Wandering about, we see a long house with colorful lights and a yard full of halloween figures. "Oo, look!" we tell her. "Look at those pumpkins, those lights!" We stop again, and the little girl takes my husband's hand (yet again), and this time, confidently marches herself right up to the front porch where, it looks like, half the family and assorted friends and neighbors wait in a tableaux. Two teen girls, waiting for us, say "Awwww" in the sweet way that only teen girls can. "It's a monkey. What a cute monkey. She even has a banana. You want some candy, honey?" "Can you say Thank You?" we prompt, and the little girl mumbles something that makes the crowd oo again. On the way back to the sidewalk, she breaks away to investigate a smiling Dracula "I love to count my candy - a! a! a!" and we have to tackle her.
We think we've broken the shyness barrier. A porch full of strangers in strange light, and she didn't even blink, much less cower. Yes, let's walk up to another doorway, knock, and see what interesting "toys" they might have!
By this time, we've zigzagged into the far reaches of the neighborhood over cracked pavement and a street under construction, trying to find a friend's house. Headlights cut through the night, revealing other rug-rats of various ages. We finally stumble over a section of roots to cross back over the boulevard to a smoother piece of pavement. Crowds are gathering around a family's Harry Potter display. People are quiet but festive, ambling with purpose.
We are becoming foot-sore, asking ourselves why, for goodness sake, we insisted on trekking all the way over to David's house. We take a quiet, easy route home. "No hills," my husband insists.
We hear music floating down the street to meet us. When we finally draw abreast of the source of music and stare up to the high porch where a woman sways, playing mazurkas and gypsy fiddle tunes, my husband says "Okay. One more." We are drawn up and up the steep steps, the little girl determined to go to the music. A young daughter smiles and fans out the packages of Skittles as if they were a gypsy's cards. The little girl reaches for the generous bowl instead. I can see she's thinking "nice! red!" We murmur our thanks, and the woman breaks into a little Mussorgsky. The Night on Bald Mountain is floats out in fragments into the quiet as another family of children arrive.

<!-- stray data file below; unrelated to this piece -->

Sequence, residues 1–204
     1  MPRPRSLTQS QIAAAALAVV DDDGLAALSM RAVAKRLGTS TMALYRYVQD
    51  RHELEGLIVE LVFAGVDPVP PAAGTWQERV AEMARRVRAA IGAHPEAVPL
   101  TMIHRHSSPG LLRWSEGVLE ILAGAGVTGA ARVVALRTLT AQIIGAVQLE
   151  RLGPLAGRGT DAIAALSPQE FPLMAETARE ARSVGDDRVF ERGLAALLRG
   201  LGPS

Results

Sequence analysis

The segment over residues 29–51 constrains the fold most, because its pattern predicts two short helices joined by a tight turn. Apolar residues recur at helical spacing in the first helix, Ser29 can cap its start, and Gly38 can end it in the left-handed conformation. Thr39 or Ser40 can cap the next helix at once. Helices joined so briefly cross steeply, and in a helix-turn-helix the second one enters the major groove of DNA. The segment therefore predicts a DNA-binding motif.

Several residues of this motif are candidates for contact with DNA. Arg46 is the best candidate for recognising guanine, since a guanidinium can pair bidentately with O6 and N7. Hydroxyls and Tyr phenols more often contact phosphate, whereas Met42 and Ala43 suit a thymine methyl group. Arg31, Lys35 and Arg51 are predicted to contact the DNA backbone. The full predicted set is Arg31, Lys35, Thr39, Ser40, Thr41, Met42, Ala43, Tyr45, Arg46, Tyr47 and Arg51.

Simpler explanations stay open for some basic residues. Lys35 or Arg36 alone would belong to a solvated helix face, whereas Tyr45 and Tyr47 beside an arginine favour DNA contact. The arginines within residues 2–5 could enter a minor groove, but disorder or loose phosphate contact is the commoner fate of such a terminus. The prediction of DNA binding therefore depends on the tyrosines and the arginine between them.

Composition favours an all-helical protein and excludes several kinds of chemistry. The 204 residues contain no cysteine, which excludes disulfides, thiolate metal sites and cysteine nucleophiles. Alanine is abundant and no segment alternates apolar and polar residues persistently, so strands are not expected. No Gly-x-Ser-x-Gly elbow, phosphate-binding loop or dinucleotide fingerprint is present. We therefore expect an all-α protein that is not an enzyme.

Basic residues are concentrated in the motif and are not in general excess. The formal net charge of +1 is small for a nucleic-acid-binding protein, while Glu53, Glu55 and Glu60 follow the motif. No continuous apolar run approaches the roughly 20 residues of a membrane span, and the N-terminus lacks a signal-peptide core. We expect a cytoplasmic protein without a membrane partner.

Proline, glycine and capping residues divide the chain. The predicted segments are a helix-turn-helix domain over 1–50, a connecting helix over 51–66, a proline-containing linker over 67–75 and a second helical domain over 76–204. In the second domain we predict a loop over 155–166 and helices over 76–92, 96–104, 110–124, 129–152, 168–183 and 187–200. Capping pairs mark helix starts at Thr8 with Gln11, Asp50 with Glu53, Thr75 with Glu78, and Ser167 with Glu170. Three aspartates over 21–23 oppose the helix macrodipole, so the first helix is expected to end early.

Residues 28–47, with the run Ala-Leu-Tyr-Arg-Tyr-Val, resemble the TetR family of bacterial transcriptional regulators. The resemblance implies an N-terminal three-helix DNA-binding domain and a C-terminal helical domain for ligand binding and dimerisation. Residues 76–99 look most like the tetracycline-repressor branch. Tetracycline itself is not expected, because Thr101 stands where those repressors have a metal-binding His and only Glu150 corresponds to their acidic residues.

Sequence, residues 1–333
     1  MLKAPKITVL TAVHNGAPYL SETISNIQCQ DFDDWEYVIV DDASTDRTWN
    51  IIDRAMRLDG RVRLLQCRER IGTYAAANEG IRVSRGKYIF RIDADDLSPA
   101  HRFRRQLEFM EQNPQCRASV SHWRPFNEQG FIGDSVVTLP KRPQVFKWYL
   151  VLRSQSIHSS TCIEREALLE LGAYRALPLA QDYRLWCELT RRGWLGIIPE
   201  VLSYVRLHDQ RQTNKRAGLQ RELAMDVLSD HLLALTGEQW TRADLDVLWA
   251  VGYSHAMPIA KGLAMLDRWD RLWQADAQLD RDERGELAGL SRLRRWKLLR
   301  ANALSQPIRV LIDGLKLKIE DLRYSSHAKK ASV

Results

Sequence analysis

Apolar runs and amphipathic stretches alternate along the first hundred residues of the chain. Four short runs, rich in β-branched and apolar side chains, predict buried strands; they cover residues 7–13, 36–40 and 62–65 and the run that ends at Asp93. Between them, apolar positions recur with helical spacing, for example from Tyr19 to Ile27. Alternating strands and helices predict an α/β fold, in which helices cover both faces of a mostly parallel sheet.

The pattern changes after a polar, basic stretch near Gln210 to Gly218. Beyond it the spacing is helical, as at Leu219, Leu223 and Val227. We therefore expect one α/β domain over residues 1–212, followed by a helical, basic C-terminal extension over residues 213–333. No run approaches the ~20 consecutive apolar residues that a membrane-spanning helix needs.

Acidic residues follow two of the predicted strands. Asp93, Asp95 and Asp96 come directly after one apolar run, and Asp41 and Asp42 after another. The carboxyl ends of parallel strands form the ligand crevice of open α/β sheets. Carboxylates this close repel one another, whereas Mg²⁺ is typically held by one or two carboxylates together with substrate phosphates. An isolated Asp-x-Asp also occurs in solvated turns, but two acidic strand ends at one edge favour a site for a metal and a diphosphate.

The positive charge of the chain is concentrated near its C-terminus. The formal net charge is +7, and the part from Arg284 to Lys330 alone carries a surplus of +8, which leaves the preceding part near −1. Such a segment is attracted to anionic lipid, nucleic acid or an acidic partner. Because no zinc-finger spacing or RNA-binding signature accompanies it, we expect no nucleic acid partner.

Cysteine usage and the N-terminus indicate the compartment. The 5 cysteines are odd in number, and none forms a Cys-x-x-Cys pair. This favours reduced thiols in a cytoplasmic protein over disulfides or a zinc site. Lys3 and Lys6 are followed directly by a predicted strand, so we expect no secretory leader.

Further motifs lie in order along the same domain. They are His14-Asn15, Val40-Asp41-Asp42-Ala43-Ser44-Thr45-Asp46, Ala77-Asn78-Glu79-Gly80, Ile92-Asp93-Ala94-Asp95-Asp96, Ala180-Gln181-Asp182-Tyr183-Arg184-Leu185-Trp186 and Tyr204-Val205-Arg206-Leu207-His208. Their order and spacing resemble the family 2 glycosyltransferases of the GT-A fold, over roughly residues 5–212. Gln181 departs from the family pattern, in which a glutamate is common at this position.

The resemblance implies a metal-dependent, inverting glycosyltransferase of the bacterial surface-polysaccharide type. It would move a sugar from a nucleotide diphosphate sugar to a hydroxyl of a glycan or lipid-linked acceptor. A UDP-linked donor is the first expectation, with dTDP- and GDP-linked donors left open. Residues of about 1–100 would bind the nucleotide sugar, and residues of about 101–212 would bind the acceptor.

The streets home are even darker, quieter. It's a school night, after all. Cars pass, and I'm very glad that I finally attached reflective markings to the stroller. The little girl asks for cracker, and raisins, and her water bottle. The handful of candy and glow sticks we've gathered lie tossed into the bottom of the stroller.
We visit one last house on our street, our neighbors. Their daughter is getting through the last post-excitement meltdown before bed, but she quiets and comes to the door to see us, already in her pajamas. "Yes, we had a good time going around, didn't we? But now, it's late," her mother says, turning surprised eyes on us. "We are heading home right now," I assure her. "Pumpkin!" The little girl declares. "Ahhnge pumpkin." It's not too late for most people, but late for parents on toddler time. We throw together some tomato-basil soup and grilled cheese sandwiches, and roll our little monkey straight into her pajmas. We give candy to one last set of pre-teen latinos in sparkly faery finery (half a handful each since there is so much left), and turn out the lights.
After my husband leaves, I hide the rest of the mini Milky Way darks so they won't be staring him in the face when he wakes up in the morning. The candy was not the point. The little monkey went for a Halloween walk, and it was good.